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AppNote: Customizing Password Self-Service

Novell Cool Solutions: AppNote
By Hans-Robert Vermeulen

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Updated: 30 Nov 2004
 

Hans-Robert Vermeulen
Consultant
Novell Netherlands

Password Self-Service is a cool and free utility from Novell. It allows our users to change, reset or remember their password in a secure fashion and provides advanced password rules. In all, it can bring down the total number of helpdesk calls tremendously.

However, by default Password Self-Service is only translated for the following languages:

  • English
  • German
  • Spanish
  • French
  • Italian
  • Japanese
  • Portuguese

This means that for users who live in other countries and who are not fluent in English, the default will likely still require helpdesk assistance, unless we can translate all messages from Password Self-Service.

Information on how to set-up Password Self-Service is clearly detailed in the manuals found at http://www.novell.com/resourcecenter/ext_item.jsp?itemId=13441. The setup of Password Self-Service will not be described here.

Translating Password Self-Service

Most of the work is done inside the Tomcat WEBAPPS directory. By default the Tomcat WEBAPPS directory can be found on your iManager server under SYS:\Tomcat\WEBAPPS on NetWare, or C:\Program Files\Novell\Tomcat\WEBAPPS on Windows, but this could depend on your installation choices.

Inside the WEBAPPS directory, most of the work needs to be done under the \nps\portal\modules\ForgottenPassword\skins\default\devices\default directory. For each language you need to translate, you need to copy the following files:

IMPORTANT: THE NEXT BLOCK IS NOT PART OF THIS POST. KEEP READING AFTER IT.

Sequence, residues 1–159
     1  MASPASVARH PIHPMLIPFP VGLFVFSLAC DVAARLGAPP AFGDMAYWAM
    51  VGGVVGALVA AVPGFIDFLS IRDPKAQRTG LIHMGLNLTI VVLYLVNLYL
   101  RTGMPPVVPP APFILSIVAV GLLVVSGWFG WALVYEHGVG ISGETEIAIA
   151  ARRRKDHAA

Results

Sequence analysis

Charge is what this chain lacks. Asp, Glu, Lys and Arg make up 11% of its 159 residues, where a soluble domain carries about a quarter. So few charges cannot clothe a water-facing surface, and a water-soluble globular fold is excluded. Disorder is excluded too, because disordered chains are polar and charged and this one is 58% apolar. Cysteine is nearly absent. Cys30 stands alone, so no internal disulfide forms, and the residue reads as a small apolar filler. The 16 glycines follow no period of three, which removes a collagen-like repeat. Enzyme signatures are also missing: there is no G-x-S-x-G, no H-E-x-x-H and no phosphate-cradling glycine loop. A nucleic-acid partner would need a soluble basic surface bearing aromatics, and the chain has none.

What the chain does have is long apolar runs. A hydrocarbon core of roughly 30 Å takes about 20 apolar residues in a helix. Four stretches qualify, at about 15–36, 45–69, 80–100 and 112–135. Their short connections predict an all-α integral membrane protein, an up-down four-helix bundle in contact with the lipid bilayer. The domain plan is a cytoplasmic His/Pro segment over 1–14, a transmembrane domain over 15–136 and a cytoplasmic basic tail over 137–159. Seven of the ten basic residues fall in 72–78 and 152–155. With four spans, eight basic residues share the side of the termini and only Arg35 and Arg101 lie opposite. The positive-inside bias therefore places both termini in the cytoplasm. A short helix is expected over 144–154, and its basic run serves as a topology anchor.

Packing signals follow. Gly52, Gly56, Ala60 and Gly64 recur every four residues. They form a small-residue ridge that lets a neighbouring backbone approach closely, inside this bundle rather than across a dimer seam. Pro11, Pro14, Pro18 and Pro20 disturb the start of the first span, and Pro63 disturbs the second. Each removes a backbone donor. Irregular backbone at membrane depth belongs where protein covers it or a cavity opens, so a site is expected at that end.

• Copy CRMain_lang.xsl to CRMain_lang_<xx>.xsl
  • Copy ForgottenMain_lang.xsl to ForgottenMain_lang_<xx>.xsl
  • Copy HSMain_lang.xsl to HSMain_lang_<xx>.xsl

The <xx> needs to be changed to your specific language code, such as nl for Dutch, be for Belgian or Flemish, and sv for Swedish.

A complete list for these two-letter country codes is defined in the ISO 639-1 standard which can be found at http://www.loc.gov/standards/iso639-2/langcodes.html.

For Dutch we would end up with:

  • CRMain_lang_nl.xsl
  • ForgottenMain_lang_nl.xsl
  • HSMain_lang_nl.xsl

In the \nps\portal\gadgets\com.novell.security.nmas.lcm.chalresp.ChalRespLCM directory, there is another file that needs to be translated:

Copy ChallengeResponseLCMMain_lang.xsl to ChallengeResponseLCMMain_lang_<xx>.xsl, again substituting the <xx> with your language code.

The last procedure is a bit more difficult:

  1. Open the \nps\WEB-INF\lib\ForgottenPassword.jar file with a archive reader like WinZip or WinRar.
  2. Extract the the forgottenresources.properties file to the following directory:
    \nps\WEB-INF\classes\com\novell\forgotpassword
  3. Rename the forgottenresources.properties file to forgottenresources_<xx>.properties, again substituting the <xx> with your language code.

The class loader will load this bundle before it looks through the jar file we extracted it from whenever Tomcat starts.